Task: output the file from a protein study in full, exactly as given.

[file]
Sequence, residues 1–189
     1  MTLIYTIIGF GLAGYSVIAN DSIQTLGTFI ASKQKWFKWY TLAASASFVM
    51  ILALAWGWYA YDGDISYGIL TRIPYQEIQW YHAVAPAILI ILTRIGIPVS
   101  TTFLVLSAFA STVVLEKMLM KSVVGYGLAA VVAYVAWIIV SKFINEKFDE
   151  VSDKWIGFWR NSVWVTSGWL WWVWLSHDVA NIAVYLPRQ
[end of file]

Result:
Sequence, residues 1–189
     1  MTLIYTIIGF GLAGYSVIAN DSIQTLGTFI ASKQKWFKWY TLAASASFVM
    51  ILALAWGWYA YDGDISYGIL TRIPYQEIQW YHAVAPAILI ILTRIGIPVS
   101  TTFLVLSAFA STVVLEKMLM KSVVGYGLAA VVAYVAWIIV SKFINEKFDE
   151  VSDKWIGFWR NSVWVTSGWL WWVWLSHDVA NIAVYLPRQ